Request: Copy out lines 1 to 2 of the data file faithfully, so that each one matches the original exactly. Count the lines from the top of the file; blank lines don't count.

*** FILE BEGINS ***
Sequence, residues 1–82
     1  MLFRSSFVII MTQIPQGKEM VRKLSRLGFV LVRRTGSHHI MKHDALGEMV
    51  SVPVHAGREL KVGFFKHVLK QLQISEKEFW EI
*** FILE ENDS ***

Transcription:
Sequence, residues 1–82
     1  MLFRSSFVII MTQIPQGKEM VRKLSRLGFV LVRRTGSHHI MKHDALGEMV